Premier League Considers Shortening Games in an Attempt to Return

by Pub Sports Radio

By Bryan Bejarano

The Premier League may back with shorter games. Meanwhile, some teams want to boycott the whole plan for returning to activity.

Last week we reported on the Restart Project. The joint initiative between the Premier League, the English Football League, the Football Association, and the Department for Digital, Culture, Media, and Sports to revive soccer in England. This plan proposes to play the 92 pending matches of the 2019-2020 season in June in stadiums without public and with strict medical protocols.

New information has emerged this week about the Restart Project, and some new proposals are being discussed to make the Restart Project run smoothly. The president of the Association of Professional Footballers of England, Gordon Taylor, referred to the subject recently. One of the comments that most caught everyone’s attention is that the possibility that the matches will be shorter is being analyzed. Taylor’s words were: “We do not know the future, but we do know what proposals have been presented, what ideas have been presented: the possibility of having more substitutions, the games may not be with 45 full minutes per part, and they could also be in neutral stadiums.

The possibility of having shorter matches in one of the most competitive leagues in the world has sparked mixed reactions. Some think that this could make matches more interesting since players will be able to give their maximum performance from the start without worrying about reserving energy to last 90 minutes. Others think that this will make games boring and lose the speed and strength that characterize English soccer.

This proposal to play shorter games is still not final. Taylor said that they will consult with the coaches, players, and managers of the teams to know their position in this regard.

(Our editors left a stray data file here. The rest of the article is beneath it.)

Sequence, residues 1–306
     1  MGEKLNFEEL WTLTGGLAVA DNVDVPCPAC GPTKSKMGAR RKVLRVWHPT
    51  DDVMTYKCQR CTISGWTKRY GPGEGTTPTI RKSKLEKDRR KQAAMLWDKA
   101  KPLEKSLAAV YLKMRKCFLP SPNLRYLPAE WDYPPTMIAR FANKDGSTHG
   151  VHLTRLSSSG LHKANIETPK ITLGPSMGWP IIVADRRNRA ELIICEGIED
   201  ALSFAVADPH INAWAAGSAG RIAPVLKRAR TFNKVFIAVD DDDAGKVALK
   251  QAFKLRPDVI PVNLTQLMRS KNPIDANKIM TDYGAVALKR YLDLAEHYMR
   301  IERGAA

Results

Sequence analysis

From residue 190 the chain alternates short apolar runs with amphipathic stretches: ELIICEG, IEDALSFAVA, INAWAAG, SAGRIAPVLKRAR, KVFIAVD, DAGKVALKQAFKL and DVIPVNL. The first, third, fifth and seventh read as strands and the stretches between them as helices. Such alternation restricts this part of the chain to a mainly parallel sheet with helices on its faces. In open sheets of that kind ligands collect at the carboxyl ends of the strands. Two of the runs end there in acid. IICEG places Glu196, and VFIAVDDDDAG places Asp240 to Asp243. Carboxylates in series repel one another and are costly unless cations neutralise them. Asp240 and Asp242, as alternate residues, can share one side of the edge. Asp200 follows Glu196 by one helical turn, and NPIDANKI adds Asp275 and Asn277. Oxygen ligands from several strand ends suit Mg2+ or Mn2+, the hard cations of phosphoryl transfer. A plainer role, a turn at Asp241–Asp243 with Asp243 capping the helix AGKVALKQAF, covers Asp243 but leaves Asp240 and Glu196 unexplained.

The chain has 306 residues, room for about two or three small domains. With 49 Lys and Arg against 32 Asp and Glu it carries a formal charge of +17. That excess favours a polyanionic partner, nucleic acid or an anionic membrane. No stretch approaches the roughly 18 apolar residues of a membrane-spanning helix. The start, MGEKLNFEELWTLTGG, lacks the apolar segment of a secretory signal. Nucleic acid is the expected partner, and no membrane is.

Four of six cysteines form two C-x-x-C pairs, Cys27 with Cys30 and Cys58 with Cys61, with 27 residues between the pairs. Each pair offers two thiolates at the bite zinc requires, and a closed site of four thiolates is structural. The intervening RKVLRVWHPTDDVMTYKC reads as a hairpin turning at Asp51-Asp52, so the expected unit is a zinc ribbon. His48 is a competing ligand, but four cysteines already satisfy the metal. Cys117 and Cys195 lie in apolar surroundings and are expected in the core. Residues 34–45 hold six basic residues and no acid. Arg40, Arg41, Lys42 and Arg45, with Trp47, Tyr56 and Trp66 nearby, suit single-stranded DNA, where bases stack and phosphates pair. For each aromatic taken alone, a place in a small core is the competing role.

Detractors and Boycott

Even though all the entities of English soccer work together to find the fastest, safest, and most effective way to return to activity. Some people don’t agree with the proposals.

One of the detractors that have had the most media coverage has been Sergio Agüero. The Manchester City player, recently declared that the players are afraid to return to the fields, “Most of the players are afraid because they have family,” stated Agüero.

Agüero is not the only one who opposes returning to the fields at this time. Scott Duxbury, chief executive of Watford, has also expressed his discontent with the initiatives and thinks that other issues should be given priority and not soccer at this time.

According to the Mirror, Watford will also try to boycott the Restart Project along with Aston Villa, Bournemouth, Brighton, Norwich, and West Ham. All of these teams are in the relegation zone of the table. They argue that playing without an audience and in neutral stadiums will affect their aspirations to stay in the Premier League. In the Premier League, playing at home and having the support of fans can make a difference for a team.

Despite having so many detractors, Gordon Taylor confirmed that the Premier League will return to business in mid-June. In the coming weeks, they will hold meetings to fine-tune the details of the plan. In Taylor’s words: “After the meeting, the protocol should be finalized, and next week it will be delivered to players and coaches. Everyone will need time to assimilate it. Safety comes first, and club doctors and government specialists have been involved in this protocol.

It seems that we will have Premier League activity in June, but with all these changes, I doubt very much that it is the soccer we are used to and love. In any case, it will be nice to see the ball roll again in England.

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